The Best Arguments for Things I Don't Believe

By Sean Carroll | August 23, 2007 3:40 pm

Have you ever heard someone arguing in favor of a position with which you disagree, but their arguments are so bad that you can’t help but think “Man, I could do a better job arguing for their side than they are, and I don’t even agree with them!” I thought it might be interesting to do exactly that — consider some interesting issues, and come up with my own versions of what the people who I think are wrong should be saying.

The rules would be: (1) The claims would be somewhat judgmental, rather than straightforwardly empirical. I’m not going to waste my time arguing that the universe is not expanding, or anything like that. (2) I have to stick to making individual statements that I really do believe, even if I don’t think they are sufficient to support the ultimate conclusion. I reserve the right to come up with more rules as I think of them.

Here are some possible claims to be considered:

  1. God exists.
  2. The Iraq war was a good idea.
  3. Women scientists shouldn’t complain about discrimination.
  4. Research on string theory is a waste of time.
  5. Talking about the multiverse is intrinsically non-scientific.
  6. We shouldn’t worry about global climate change.

Any other suggestions? I’m sure there are lots of things I don’t believe, but could come up with better arguments for than I usually hear. It’ll be like being on the debate team again.

CATEGORIZED UNDER: Miscellany
  • Gavin

    I like your list, but there’s no sex.

    7. Same sex couples should not be allowed to marry.

  • http://blogs.discovermagazine.com/cosmicvariance/sean/ Sean

    That’s a great choice, I’ll have to look into that one.

  • http://whenindoubtdo.blogspot.com/ Eugene

    I like “Gun control is bad for fighting gun-related crimes” myself.

  • http://quasar9.blogspot.com/ Quasar9

    lol Sean,
    can’t wait to read your argument for “God exists” or is that God exits
    Will this god evolve from mankind and discover he/she is omnipotent, with a big bang proceed to create a whole new universe (somewhere in the landscape) with perfect laws of physics and imperfect beings with imperfect genes?
    or will this god simply send everything down a massive blackhole and start the whole thing all over again – hope I’m not giving away any bollywood movie plot

  • Kerub

    intelligent design is pure distilled science.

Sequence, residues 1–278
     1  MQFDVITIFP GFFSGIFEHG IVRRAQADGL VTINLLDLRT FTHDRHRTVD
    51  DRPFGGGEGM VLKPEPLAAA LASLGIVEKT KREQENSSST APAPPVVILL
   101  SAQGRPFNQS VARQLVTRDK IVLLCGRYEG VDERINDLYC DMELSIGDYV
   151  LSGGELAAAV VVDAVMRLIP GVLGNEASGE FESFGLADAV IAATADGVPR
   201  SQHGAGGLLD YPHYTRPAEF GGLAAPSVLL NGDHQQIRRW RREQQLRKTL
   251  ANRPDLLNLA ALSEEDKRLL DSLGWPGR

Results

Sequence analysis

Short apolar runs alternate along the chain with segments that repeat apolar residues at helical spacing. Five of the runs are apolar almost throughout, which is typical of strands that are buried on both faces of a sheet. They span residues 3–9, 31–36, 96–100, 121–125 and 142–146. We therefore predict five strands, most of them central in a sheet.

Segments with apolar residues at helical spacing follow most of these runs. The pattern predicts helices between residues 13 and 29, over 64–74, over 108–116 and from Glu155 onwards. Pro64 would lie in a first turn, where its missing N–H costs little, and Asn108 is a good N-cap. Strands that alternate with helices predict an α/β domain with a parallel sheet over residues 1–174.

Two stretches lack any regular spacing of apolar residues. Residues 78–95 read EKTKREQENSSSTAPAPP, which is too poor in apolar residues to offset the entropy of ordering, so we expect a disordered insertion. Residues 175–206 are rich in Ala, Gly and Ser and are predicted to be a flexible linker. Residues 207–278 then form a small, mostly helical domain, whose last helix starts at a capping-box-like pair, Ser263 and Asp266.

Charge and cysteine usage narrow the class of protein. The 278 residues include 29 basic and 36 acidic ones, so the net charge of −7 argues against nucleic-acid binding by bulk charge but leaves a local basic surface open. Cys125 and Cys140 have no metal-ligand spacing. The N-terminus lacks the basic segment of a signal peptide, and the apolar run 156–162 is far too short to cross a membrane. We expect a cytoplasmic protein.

• Son of Slam

    Many moons ago, on talk.origins, I participated in a group that came up with a better theory for explaining Noah and the flood. The vapor canopy is so, so lame. An oceanographer working for NASA came up with the PIMPLE theory, that stated that sudden upthrusts of mesa-like areas on the ocean floor displaced the water, for instance.

    I handled the animals. The physical dimensions of the ark were too small for all the animals and the space they’d need, plus they’d have to eat. I proposed that the animals were frozen in ponds into a state of suspended animation. when the waters rose, these became icebergs that were towed in a line behind the ark. I even proposed that the last iceberg broke free, and drifted to Australia, to explain the unique animal species there.

  • http://mauitian.livejournal.com/ Garrett

    How about:

    “It’s better to be single than married.”

    “Not having kids is better for long term happiness.”

    And this, a hard one:

    “Microsoft makes good software.”

  • Low Math, Meekly Interacting

    “The ends really do justify the means” seems perfect.

  • anon.

    Re: Gavin’s #1 — I seem to recall that Belle Waring did an exercise like that at some point (being similarly frustrated by the stupidity of the arguments usually advanced). Maybe I’ll find the link later….

  • http://en.wikipedia.org/wiki/Modal_realism Neil B.

    Well, since you asked about this stuff, I have every excuse to argue some of the points yet again ;-)

    #1, for “Yes”:

    There is, serious as a heart attack, no genuinely logical way to define “existence” above and beyond logical description. IOW, no way to define “matter” aside from the structural descriptions of it, other than appeal (ironically) to metaphysical issues like the realness of our experience, etc. Now you might say, no big deal, since you can imagine just thinking of “the universe” as being pure mathematics/structure (which is evasive since it leaves out experiential qualities, but I digress.) The trouble then is, you have to admit all the other “descriptions” (not just “simulations”) as being equally pseudo-real as well, like it or not (modal realism.) That’s what Max Tegmark says he believes in, roughly. Then, you’ve got a mess on your hands.